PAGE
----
|Born||10 February 1949|
Wallasey, Cheshire, England
|Member of||Elton John Band|
Nigel Olsson (born 10 February 1949) is an English rock drummer best known for his long-time affiliation with Elton John. A dynamic drummer and backing vocalist, Olsson helped establish the Elton John sound as a member of the Elton John Band alongside bassist Dee Murray.
When not working with John, Olsson has taken up the role of a session musician. He has also composed, recorded, and produced albums for his own solo career.
Olsson was born to John and Elsa Olsson in Wallasey, Cheshire, England, the second of five boys. He began his musical career playing the guitar in small bands, and took up the drums at a gig where the drummer did not show up at the last minute. His first appearance on a record album was in the band Plastic Penny, which released Two Sides of a Penny on Page One Records in 1968. Olsson was spotlighted on one song on that album, "I Want You," performing both lead vocals and a drum solo.
In 1969 he played drums on the "flower power" pop single "Mr. Boyd" b/w "Imagine" by Argosy, a one-off group which also included Reginald Dwight (later known as Elton John), Caleb Quaye, and Roger Hodgson. Olsson also had a brief stint with the English hard rock band Uriah Heep, playing drums on two songs on their 1970 debut LP, Very 'eavy... Very 'umble.
Subsequently, he played drums on one track on Elton John's debut album, Empty Sky, and then replaced Dave Hynes in The Spencer Davis Group, joining forces with bassist Dee Murray. The pair joined John on the road as his touring band in April 1970, and played with John during his debut tour in the United States at the Troubadour Club on 25 August 1970. Only permitted at first to play on one track of each of John's early studio albums, Olsson and Murray, along with guitarist Davey Johnstone, became Elton's studio band with the recording of Honky Chateau in January 1972.
Joining the Elton John band
With Johnstone, Olsson, and Murray on board, John enjoyed a string of critically acclaimed albums and hit singles. The albums include Honky Chateau, Don't Shoot Me I'm Only the Piano Player, Goodbye Yellow Brick Road, and Caribou. Shortly before the Caribou studio sessions, famed session percussionist Ray Cooper joined permanently, having previously been a sideman, what was billed as The Elton John Band. Olsson played during all of John's tours, and confesses that he still gets nervous before going on stage.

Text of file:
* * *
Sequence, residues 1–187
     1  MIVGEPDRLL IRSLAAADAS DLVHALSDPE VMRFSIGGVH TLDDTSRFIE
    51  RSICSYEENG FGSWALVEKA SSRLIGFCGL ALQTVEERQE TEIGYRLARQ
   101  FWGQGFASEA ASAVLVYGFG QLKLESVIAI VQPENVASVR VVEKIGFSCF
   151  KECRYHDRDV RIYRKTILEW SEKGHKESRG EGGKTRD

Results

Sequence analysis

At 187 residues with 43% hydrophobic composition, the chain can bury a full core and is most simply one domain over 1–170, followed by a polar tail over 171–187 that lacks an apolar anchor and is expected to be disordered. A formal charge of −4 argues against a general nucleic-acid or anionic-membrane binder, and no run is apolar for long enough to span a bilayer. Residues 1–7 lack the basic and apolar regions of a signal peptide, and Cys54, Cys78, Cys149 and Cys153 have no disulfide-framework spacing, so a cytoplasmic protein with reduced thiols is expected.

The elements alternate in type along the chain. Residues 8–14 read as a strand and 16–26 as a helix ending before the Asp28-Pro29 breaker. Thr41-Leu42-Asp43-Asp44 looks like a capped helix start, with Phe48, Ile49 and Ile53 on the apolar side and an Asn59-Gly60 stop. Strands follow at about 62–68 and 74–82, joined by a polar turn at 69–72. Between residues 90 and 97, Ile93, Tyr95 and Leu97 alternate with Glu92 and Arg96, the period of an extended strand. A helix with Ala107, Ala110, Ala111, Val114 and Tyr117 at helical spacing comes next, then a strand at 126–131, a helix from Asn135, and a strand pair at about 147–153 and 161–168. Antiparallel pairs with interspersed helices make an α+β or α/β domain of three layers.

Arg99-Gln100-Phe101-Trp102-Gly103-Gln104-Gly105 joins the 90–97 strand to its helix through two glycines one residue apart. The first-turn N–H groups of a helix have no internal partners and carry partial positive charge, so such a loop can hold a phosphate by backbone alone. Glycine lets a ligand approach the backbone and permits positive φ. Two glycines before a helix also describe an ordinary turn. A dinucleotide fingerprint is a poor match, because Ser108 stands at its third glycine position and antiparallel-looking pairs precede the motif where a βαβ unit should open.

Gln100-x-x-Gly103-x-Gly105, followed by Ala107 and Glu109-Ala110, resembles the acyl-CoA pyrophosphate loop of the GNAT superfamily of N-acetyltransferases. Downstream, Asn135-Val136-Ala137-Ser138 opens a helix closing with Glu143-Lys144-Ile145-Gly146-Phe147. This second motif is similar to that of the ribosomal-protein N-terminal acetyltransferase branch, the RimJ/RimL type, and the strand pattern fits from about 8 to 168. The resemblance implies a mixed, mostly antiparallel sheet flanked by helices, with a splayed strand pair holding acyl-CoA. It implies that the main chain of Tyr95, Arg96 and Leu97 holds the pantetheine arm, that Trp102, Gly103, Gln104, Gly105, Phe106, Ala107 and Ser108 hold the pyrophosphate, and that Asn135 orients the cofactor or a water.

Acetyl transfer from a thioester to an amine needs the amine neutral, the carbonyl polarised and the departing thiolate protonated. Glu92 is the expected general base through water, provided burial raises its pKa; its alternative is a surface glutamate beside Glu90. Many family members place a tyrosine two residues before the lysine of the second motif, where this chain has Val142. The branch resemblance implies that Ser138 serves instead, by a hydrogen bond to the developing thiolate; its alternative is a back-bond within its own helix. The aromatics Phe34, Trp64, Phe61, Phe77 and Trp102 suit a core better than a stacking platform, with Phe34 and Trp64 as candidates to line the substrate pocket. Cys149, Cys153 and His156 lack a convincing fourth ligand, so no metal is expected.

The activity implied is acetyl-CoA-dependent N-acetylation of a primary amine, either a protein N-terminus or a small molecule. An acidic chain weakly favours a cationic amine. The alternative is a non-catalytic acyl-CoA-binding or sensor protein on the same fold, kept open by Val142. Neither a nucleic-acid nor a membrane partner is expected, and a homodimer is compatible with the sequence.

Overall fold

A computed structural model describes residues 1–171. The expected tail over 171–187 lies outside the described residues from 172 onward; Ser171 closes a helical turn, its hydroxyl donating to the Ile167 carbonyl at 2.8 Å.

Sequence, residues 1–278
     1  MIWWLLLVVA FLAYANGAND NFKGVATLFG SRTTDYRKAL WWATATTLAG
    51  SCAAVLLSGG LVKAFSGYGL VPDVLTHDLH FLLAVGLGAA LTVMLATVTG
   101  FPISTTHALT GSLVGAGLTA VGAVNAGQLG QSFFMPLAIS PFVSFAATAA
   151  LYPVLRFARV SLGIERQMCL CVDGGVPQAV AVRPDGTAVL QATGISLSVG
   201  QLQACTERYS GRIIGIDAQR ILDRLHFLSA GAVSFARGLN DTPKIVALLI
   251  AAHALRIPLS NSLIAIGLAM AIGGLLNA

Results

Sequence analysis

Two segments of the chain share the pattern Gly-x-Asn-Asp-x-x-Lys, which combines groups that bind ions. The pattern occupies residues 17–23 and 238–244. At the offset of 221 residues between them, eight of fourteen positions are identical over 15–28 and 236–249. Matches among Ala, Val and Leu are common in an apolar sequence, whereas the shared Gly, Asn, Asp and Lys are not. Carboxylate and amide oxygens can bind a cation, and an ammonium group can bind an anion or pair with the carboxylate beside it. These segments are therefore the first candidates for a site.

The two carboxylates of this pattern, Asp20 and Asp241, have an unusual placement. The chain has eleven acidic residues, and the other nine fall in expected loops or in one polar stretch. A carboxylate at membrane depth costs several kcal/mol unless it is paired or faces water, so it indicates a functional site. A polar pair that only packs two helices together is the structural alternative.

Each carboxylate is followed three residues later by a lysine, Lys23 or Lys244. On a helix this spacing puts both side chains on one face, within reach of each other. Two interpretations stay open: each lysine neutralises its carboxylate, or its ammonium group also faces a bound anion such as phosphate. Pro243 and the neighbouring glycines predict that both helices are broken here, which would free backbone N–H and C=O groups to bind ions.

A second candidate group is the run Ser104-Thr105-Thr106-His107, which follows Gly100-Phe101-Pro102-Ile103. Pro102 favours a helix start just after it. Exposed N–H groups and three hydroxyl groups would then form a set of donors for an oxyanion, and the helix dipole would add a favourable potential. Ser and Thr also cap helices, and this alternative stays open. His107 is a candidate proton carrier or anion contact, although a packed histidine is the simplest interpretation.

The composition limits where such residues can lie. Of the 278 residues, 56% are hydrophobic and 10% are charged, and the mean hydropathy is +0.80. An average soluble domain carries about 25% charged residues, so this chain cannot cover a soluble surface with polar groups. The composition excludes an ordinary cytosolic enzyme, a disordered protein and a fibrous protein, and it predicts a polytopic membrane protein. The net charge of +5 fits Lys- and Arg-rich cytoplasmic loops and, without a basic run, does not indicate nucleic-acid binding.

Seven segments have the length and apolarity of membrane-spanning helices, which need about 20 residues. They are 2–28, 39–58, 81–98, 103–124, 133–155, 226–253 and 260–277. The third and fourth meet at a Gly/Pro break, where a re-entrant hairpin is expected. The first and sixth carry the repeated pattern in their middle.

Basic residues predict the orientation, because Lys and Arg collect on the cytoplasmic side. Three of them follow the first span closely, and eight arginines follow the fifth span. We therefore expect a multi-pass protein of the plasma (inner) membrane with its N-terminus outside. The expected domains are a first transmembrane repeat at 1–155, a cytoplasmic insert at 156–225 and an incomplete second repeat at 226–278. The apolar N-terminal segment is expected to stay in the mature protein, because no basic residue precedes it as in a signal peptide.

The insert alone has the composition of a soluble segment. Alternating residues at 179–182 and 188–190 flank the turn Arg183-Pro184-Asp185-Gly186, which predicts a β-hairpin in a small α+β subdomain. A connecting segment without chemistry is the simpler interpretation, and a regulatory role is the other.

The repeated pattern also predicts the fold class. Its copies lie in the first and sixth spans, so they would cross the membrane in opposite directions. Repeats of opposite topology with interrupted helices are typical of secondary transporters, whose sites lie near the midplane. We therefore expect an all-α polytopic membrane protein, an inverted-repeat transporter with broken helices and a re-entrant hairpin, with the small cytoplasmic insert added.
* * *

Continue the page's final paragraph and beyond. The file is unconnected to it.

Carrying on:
In 1971, Olsson produced and released his debut solo album Nigel Olsson's Drum Orchestra and Chorus on Uni Records, featuring Murray, Cochise (band) guitarist Mick Grabham, and Hookfoot guitarist Caleb Quaye, who had played on John's early albums. Olsson also teamed up with the Liverpool trio, The Big Three, for their reunion album Resurrection (1973).
In May 1975, Olsson and Murray were dismissed from John's band following the release of Captain Fantastic and the Brown Dirt Cowboy, which, upon release, entered the charts at No. 1. Olsson's second solo album, Nigel Olsson, appeared later that year on John's own record label, The Rocket Record Company, and featured a cover of the Bee Gees'-penned "Only One Woman", which had been recorded with John and his band in August 1974 during the sessions for Captain Fantastic and the Brown Dirt Cowboy, and was produced by Gus Dudgeon. The album was produced by Robert Appére.
Olsson continued working as a studio musician, releasing another self-titled album produced by Paul Davis on Columbia in 1978, while managed by Martin Pichinson. Although that album brought no Top 40 recognition, in 1979 he released the album Nigel and enjoyed some mild success as a solo artist, scoring a pair of Top 40 hits on the U.S. pop chart with "A Little Bit of Soap" and "Dancin' Shoes", the latter of which cracked the Top 20 at No. 18. "Dancin' Shoes" was written by Carl Storie, and first recorded by his Faith Band.